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Securing cloud platforms in the financial services sector

Mon, 21st May 2018
FYI, this story is more than a year old

Organisations in the financial services sector are faced with a unique set of challenges when it comes to IT security. They need to store large amounts of sensitive personal data in a secure manner yet face more stringent regulations than firms in other industries.

These challenges become particularly acute when cost and productivity demands push an organisation to use cloud platforms. While such platforms deliver significant advantages in terms of infrastructure security, they also create new security challenges – particularly around data access, credential compromise, and malware.

What's more, the visibility and audit capabilities required for compliance with local and regional finserv regulations are not as readily served by traditional firewalls and endpoint security tools.

The pros and cons of the cloud

A key benefit of cloud is the lower operational cost and improved flexibility. Rather than having to establish and maintain on-premises infrastructure, cloud platforms are kept up-to-date, are readily accessible, and are scalable.

Improved flexibility occurs because where businesses are able to adapt as requirements change. This means in-house systems do not have to be designed to cope with future demands. Instead, the cloud platform can provide extra storage and processing capabilities ‘on demand'.

Despite these advantages, many are still wary of the cloud because of significant gaps around visibility and control over cloud data.  For example, without adequate security measures in place, staff might use unsanctioned cloud resources without the knowledge of the IT department.

Organisations that don't know where data is being stored struggle to manage that data. This is particularly important in the financial sector because of the aforementioned strict regulatory requirements around data residency, ownership, and security.

A different approach to security

The strategy of centralised security at the device and network level – in other words having firewalls and endpoint agents in place – no longer works in an environment where many critical systems are moving to the cloud.

Once data shifts beyond the firewall and employees begin to access that data from uncontrolled, unmanaged devices, a new approach is required because privacy-conscious users are often reluctant to allow agents on their personal devices.

To overcome these challenges, many financial services firms are adopting a technology termed a cloud access security broker (CASB). A CASB offers many benefits, among them:

  • Comprehensive security
  • Regulatory compliance
  • Rapid deployment

1. Security

The first step in securing a cloud environment is adoption of discovery tools. IT can only secure services if they are aware of those services, aware of the relative risk each application poses, and empowered with tools to control data moving into these apps. At their core, these ‘Shadow IT Discovery' services provide a way for IT managers to know exactly where data is going once it has left the organisation.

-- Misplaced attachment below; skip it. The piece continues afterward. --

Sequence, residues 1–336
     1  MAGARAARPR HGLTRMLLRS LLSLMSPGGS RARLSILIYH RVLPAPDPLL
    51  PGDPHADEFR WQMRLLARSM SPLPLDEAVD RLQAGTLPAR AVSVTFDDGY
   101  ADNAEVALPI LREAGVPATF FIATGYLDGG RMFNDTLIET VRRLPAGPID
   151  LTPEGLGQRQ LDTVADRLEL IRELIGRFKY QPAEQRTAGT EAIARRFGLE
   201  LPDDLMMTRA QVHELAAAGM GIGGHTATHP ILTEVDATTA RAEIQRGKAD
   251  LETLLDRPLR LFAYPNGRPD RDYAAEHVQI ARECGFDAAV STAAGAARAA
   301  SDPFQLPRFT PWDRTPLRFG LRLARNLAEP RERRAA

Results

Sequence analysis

Security is also important after upload. An organisation should have the ability to identify sensitive data in the cloud and take action to protect that data where necessary. Capabilities like contextual access controls and data loss prevention (DLP) can help to classify and secure sensitive and regulated information.

In the financial services space, mobile security is also a critical component of a complete security strategy. Given the growth of BYOD and widespread use of managed mobile devices, a data-centric approach to security, wherein IT focuses on data protection as opposed to solely on device security, can be incredibly effective.

2. Regulatory compliance

Because the financial sector is among the most heavily regulated, cloud compliance is critical and dictates the processes and capabilities every organisation must have in place. Chief among these requirements is data protection.

Data protection in the cloud requires a deep level of control than can be achieved with granular data access policies as well as encryption. For structured data, encryption might include sensitive fields such as credit card numbers or personally identifiable information (PII).

When selecting security tools, a balance has to be struck between strength and usability. Industry-standard tools are recommended as they enable interoperability with systems that provide visibility and added control over cloud data.

To provide a further layer of security, any encryption keys should be held locally to reduce the chance of them falling into the wrong hands.

3. Rapid deployment

Unlike traditional security solutions, select CASBs are deployed in the cloud which removes the need to install and manage agents on client devices. As well as simplifying the rollout, it ensures the performance of endpoints is not constrained.

This approach also ensures employee privacy as there is no impact on personal data held on the device. Only corporate data falls under the purview of the organisation.

By selecting a CASB that offers this complete set of features and functions, a financial services organisation can be confident it has in place the technology required to maintain effective security of data in the cloud.

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